Photo by Chris Jackson/Getty Images.
Twenty or so bikers were arrested Thursday during an FBI-led raid in the Carolinas that targeted a prominent chapter of the Hells Angels.
While the arrests themselves were noteworthy, the interesting news comes from the indictments that accompanied the arrests, which, as the the Charlotte Observer explains, offer "a rare glimpse into the secret workings" of the notorious biker gang, which the feds describe as a highly-organized drug-dealing enterprise that uses intimidation and violence to promote "a climate of fear."
The arrests (the exact number is either 19 or 20, depending on whether you listen to the Observer or the Associated Press) were the culmination of a two-year investigation by the FBI and local law enforcement agencies into the Rock Hill City chapter of the group made (in)famous, in part, by Hunter S. Thompson's 1966 new journalism classic Hell's Angels.
Among the insider details revealed in the 91-count indictment: The clubs has a strict organizational structure not unlike one you might find at your local rotary club (from president to treasurer and on down to the rank-and-file members). The gang refers to their regular chapter meetings as "church," and to members as "full patch" because they wear full Hells Angels three-piece jackets and vests.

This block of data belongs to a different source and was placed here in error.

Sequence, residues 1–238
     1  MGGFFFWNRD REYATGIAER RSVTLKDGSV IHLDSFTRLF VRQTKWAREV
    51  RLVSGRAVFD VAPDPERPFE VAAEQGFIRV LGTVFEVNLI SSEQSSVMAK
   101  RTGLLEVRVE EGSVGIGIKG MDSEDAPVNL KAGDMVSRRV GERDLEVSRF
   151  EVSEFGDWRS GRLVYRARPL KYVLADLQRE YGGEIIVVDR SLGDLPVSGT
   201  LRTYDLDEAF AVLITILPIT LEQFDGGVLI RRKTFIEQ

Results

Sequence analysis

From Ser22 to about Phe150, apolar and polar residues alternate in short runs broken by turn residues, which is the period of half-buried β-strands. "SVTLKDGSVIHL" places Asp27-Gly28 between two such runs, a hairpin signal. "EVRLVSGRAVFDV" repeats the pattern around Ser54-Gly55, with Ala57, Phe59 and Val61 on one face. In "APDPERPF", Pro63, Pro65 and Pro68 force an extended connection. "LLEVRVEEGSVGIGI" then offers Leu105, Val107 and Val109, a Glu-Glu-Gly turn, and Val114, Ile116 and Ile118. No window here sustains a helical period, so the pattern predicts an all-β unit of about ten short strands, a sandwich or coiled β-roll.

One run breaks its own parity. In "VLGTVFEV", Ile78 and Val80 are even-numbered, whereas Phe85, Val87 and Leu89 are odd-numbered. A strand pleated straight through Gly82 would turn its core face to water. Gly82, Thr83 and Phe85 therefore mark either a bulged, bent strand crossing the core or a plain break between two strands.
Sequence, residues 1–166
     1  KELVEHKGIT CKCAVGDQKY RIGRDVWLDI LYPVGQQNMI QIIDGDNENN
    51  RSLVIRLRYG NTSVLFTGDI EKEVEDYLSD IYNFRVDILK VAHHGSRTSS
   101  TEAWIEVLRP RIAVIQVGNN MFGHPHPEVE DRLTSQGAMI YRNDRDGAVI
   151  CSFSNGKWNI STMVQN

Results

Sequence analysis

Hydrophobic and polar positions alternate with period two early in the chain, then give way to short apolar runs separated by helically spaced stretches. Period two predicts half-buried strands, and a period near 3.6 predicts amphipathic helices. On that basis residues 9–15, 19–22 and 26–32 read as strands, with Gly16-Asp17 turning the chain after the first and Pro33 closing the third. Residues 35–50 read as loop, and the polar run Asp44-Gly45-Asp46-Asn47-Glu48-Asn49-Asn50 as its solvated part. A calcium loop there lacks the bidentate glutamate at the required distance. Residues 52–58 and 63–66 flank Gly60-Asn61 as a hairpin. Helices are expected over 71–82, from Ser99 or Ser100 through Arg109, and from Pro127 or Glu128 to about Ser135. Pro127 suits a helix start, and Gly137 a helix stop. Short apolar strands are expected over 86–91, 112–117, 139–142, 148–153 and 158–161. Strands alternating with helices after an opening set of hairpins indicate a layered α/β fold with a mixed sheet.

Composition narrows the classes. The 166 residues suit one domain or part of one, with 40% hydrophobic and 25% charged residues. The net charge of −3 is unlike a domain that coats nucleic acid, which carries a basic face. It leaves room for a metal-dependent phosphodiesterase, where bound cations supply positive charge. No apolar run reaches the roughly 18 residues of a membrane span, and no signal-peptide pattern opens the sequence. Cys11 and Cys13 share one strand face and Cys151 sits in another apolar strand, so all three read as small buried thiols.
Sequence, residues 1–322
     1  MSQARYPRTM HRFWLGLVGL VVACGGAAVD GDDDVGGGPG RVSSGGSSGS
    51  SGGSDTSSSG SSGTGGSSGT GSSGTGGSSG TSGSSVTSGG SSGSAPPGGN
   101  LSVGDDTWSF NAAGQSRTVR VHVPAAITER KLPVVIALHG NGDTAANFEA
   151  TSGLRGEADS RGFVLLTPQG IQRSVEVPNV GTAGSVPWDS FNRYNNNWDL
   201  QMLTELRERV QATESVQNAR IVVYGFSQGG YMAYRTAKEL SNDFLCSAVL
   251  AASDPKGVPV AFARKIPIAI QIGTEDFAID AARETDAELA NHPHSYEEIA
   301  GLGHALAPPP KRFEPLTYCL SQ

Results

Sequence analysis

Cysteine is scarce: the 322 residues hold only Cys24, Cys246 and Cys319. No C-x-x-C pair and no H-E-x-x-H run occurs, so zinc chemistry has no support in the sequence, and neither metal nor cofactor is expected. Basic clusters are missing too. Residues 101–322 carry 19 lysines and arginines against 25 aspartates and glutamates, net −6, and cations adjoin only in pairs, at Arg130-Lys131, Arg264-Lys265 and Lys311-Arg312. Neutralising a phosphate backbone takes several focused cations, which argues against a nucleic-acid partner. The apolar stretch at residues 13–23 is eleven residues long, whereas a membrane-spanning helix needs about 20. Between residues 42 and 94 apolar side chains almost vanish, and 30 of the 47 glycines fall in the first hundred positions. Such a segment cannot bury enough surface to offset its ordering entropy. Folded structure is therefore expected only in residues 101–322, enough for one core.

Prospective members undergo a long hazing process, often including running errands and doing menial tasks for members in addition to participating in criminal activities. Full membership is only possible with the unanimous vote of all chapter members, and both members and their girlfriends and wives wear the number 81, which stands for the alphabetical positions of the letters H and A. Members who get kicked out of their chapter must color over their Hells Angels tattoos.
The Rock Hill City chapter members face various charges of intimidation, extortion, narcotics distribution, money laundering, arson, trafficking in stolen goods, prostitution, and firearms trafficking.
You can read more on Thursday's Hells Angels bust over at the Charlotte Observer.